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There's a coffeemaker on Howard Phillips's desk-not just a cup, not a carafe, but a Mr. Coffee with a full pot. Running for president on a little-known third-party ticket means late nights and early mornings, he says.
"To achieve victory, first you must seek it"-one slogan of his party slips easily from his lips. So do the numbers that offer a glimmer of hope: The U.S. Taxpayers Party has ballot access in 40 states, reaching more than 80 percent of the nation's electorate. From his office in Fairfax, Va., Mr. Phillips talks about the political house he's building for conservatives and Christians.
Four years ago, Mr. Phillips founded the U.S. Taxpayers Party. This former Nixon White House official became disenchanted with the GOP and decided that voting for the lesser of two evils was still voting for evil.
"I don't think the Republican Party truly represents anything I believe," Mr. Phillips told WORLD. "Bob Dole voted for the Brady Bill, he voted for FACE [Freedom of Access to Clinic Entrances], he gave us NAFTA, he supported assignment of U.S. military personnel to United Nations command. He consistently votes more money for Planned Parenthood and Goals 2000."
Mr. Phillips compares the present-day Republican Party to the 19th-century Whigs. "The Whig party died because it was unable to face the overarching moral issue of the day, which was slavery," he says. "Just as the Republicans are unable to face the issue of abortion. I believe we're facing a period in history when we're going to see the Republican Party go to the elephant graveyard. It has lost its moral course."
Instead it has made do with an "anti-liberal majority," he says, rejecting both "biblical and constitutional standards of governing."
Enter the U.S. Taxpayers Party, a group that tried to attract Pat Buchanan to its ticket and hope to attract Alan Keyes to its ranks in coming months. It proposes to end direct taxation, abolish the IRS, return the government to its strictest constitutional limits, and "restore American jurisprudence to its biblical presuppositions."
This new party will be the natural home of Christian conservatives, Mr. Phillips contends, but the party's support of higher trade tariffs and less immigration could turn off some. "Our biggest problem is that most of them are unaware of our existence," he says. "Ralph Reed declined to allow us to even be introduced at the recent Christian Coalition meeting. But when people hear our message, they respond."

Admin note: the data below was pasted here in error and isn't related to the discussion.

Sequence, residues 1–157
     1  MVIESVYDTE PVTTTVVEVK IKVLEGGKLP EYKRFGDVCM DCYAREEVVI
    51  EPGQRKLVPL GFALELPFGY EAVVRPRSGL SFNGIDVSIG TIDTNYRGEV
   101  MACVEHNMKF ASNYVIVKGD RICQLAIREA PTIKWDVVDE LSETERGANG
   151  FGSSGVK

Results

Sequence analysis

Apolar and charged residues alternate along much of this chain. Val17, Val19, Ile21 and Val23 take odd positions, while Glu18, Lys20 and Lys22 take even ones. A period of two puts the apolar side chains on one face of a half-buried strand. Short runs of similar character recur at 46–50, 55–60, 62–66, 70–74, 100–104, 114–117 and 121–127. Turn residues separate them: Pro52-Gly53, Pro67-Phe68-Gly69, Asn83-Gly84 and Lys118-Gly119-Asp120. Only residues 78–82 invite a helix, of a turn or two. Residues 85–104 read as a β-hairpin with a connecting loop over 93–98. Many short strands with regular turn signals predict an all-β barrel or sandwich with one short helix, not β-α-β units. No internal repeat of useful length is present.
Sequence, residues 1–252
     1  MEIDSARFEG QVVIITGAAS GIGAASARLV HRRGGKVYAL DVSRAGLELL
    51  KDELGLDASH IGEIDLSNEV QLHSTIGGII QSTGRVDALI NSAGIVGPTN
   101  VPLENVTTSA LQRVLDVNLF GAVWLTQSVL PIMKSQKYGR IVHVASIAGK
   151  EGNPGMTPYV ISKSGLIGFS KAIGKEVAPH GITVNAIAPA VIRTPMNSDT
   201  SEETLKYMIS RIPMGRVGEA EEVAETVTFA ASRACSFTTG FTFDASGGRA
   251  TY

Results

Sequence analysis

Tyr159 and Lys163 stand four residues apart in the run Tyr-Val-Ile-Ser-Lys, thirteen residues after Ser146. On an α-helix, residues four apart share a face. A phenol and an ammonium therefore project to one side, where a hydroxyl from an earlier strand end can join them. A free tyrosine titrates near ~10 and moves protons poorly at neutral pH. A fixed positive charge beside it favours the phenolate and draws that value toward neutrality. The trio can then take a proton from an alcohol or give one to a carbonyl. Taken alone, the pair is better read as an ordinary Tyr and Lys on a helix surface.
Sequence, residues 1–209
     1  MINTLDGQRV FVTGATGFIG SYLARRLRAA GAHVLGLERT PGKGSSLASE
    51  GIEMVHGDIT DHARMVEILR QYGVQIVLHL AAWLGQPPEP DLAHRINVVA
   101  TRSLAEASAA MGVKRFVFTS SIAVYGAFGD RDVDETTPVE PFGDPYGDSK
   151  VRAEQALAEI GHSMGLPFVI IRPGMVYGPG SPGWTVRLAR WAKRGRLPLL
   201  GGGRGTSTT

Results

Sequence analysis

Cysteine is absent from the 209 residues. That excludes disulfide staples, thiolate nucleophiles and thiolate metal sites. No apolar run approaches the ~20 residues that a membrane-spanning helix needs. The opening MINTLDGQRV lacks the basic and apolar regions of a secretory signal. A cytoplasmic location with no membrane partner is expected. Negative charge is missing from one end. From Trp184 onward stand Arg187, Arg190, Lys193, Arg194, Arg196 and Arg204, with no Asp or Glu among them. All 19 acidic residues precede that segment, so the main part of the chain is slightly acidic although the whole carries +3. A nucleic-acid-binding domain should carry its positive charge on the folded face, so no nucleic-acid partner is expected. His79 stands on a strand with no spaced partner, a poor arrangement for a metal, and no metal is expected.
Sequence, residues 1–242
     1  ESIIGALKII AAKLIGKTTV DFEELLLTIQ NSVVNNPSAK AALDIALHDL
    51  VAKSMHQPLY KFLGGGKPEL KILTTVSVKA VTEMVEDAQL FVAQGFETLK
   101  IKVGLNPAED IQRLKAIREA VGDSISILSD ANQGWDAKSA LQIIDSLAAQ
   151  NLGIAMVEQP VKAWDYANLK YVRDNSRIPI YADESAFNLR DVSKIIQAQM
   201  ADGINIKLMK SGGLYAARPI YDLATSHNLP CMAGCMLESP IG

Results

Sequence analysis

Mr. Phillips, a Christian convert from Judaism, admits that most people remain concerned that a vote for a third-party ticket would be a wasted ballot card. "Not a single vote for us will be wasted," he responds. "If you vote for Dole, and he loses, then that will be a wasted vote. Even if he wins, I think you'll find that the conservative shift you're hoping for just isn't going to happen. But every vote for the U.S. Taxpayers Party will send a message to the political establishment."
Still, sending a message isn't the ultimate goal of the party, he adds. "We're not doing this for an exercise, or to make a point, or to change the Democratic or Republican Parties. We're doing this to elect a government." In fact, there are some 60 USTP candidates on U.S. House, Senate, and state ballots, according to spokesman Dan Giroux.
"In 1992, we garnered something like 40,000 votes," said Mr. Giroux. "We expect as many as 1 million this year, and that would be a breakthrough."
Howard Phillips, 51, worked in the Nixon administration, but after Watergate he concluded that conservatives were wrong to give their loyalty to a party instead of principles. So he started the Conservative Caucus and focused on issues such as the Panama Canal treaties, the Carter-Brezhnev treaties, and the Strategic Defense Initiative. In 1988 he backed the Libertarian candidate for president, pro-life pediatrician Ron Paul.
Mr. Phillips is married and has six children and six grandchildren. His oldest son, Doug (named for Gen. Douglas MacArthur) is now a lawyer with the Home School Legal Defense Association. His youngest son, age 10, is being homeschooled by Mr. Phillips and his wife, Peggy. Mr. Phillips is joined on the USTP ticket by constitutional scholar Herb Titus, the founding dean of Regent University law school.